Check the protection of the file stuff with the command ls -la or ls -la stuff Check which user owns the file, what group owns it, and what file protections for these two entities and for others.

Effect of read protection

Print the contents of the file with the command cat stuff

Remove the read right from the user who owns the file stuff using the command chmod u-r stuff

Print the contents of the file again with cat stuff

and check the impossibility of doing so. Explain why.

Restore the read rights of the file owner with chmod u+r stuff

Effect of write protection

Append content to the stuff file with the command cat >> stuff

Type the extra contents of the file (don’t edit!) and finish with Ctr-D. Print the contents of the file with

cat stuff

Remove the write rights from the user who owns that file with chmod u-w stuff

Reappend content to that file with

cat >> stuff

and check the impossibility of doing so. Explain why.

Restore the write rights of the file owner with chmod u+w stuff

Execution protection effect

Copy the ls command to the current directory with cp /bin/ls myls The copy was named myls.

Run the application myls with ./myls -la

Check that its result is equal to what happens with the command ls. Remove the execute right from the user that owns myls with chmod u-x myls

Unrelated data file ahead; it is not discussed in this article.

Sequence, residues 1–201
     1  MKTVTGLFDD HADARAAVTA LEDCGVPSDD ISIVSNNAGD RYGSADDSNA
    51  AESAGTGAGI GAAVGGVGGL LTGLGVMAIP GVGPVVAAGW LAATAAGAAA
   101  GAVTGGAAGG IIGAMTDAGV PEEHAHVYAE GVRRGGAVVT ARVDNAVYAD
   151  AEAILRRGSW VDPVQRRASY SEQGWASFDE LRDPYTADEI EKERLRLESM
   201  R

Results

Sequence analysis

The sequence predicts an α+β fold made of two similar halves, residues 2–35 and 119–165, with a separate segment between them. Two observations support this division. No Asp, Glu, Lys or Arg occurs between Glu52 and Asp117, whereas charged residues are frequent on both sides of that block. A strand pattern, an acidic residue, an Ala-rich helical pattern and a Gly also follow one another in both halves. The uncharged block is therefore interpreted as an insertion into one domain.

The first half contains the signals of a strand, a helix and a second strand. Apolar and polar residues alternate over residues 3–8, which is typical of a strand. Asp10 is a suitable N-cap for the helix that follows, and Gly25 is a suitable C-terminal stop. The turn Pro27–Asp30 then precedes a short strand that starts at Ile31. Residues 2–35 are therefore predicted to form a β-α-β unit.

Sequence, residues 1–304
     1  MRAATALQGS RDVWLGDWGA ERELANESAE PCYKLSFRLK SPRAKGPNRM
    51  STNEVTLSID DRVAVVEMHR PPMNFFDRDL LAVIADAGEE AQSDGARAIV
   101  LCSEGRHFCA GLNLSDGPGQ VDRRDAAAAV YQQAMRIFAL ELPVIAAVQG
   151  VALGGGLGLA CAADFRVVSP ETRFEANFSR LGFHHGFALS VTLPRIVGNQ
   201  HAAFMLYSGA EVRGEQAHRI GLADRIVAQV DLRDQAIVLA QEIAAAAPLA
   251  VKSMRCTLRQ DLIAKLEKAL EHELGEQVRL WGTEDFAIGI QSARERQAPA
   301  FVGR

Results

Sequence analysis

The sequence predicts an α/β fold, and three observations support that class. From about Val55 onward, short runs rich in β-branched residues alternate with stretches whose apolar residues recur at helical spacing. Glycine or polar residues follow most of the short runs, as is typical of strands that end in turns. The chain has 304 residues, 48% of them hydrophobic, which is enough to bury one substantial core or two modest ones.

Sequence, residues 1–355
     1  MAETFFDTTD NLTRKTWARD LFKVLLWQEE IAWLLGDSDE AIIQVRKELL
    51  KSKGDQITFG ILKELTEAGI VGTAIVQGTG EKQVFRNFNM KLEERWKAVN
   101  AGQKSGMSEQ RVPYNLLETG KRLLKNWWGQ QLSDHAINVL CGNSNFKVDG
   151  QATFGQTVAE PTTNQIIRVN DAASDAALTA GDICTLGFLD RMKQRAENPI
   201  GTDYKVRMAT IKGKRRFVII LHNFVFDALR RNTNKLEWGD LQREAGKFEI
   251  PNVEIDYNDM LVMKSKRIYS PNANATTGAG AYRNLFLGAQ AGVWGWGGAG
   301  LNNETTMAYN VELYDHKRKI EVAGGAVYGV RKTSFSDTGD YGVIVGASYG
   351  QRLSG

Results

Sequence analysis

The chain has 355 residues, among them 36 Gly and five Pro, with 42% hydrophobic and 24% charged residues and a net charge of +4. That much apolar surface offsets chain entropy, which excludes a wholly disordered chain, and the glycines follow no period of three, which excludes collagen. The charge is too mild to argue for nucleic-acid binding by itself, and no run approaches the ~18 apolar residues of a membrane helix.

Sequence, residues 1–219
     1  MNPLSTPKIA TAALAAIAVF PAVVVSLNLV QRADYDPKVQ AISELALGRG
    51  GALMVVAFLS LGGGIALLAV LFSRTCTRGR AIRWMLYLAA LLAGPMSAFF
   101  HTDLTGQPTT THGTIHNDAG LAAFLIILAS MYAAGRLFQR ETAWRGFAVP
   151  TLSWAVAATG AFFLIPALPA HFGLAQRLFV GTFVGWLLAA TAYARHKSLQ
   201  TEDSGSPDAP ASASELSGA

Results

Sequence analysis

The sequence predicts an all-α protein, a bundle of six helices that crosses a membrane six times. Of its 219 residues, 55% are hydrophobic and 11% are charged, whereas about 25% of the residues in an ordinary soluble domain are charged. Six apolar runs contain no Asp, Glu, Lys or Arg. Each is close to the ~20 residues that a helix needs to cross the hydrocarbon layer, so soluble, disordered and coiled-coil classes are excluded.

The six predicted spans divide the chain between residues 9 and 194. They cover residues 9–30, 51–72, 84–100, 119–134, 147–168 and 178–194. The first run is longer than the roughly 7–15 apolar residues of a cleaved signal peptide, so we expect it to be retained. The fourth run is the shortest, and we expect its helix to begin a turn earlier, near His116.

Run myls again by doing ./myls -la Check the impossibility of doing so. Explain why.

Restore the execution rights of the myls owner with chmod u+x myls and run it again.

Experiments with extended ACLs

Default extended ACLs

Print the default extended ACL of the current directory with getfacl .

You can see that you only have entries corresponding to the minimal ACL.

Create a default extended ACL entry in the current directory for a specific and existing user with setfacl -m d:u:user:rwx where the -m flag means an ACL modification, d:u mean a default user entry, user is the intended user entry and rwx are the intended rights.

Print again the directory’s ACL and check what as changed. As you can see, now there is a default ACL formed by 5 entries: 3 derived from the minimal ACL, the named one that you just added and a mask entry.

Create a new file (e.g. new_stuff) and check its ACL. See that it inherited the default extended ACL from its directory. Check as well the effect of the mask in the effective entries displayed.

Remove the default mask entry from the file’s extended ACL with the command

setfacl -x d:m new_stuff

and check the file’s extended ACL again. See that a new mask (not a default one) is now in place. Now, if you change the current directory’s ACL default mask, it will not influence the file’s mask entry.

Specific file extended ACL

Remove the new file and flush the current directory extended ACL with

setfacl -b .

Check that it was cleared. Create again the same file and verify that it has no extended ACL.

Add new extended ACL entries, both with existing users/groups and unknown ones (providing their number instead of their name). Use a command such as

setfacl -m u:user:rights filename

to add a user entry or

setfacl -m g:group:rights filename

to add a group entry.

Check the presence and the effect of the mask entry. Change the mask to different values and check its effect in the effective access rights granted.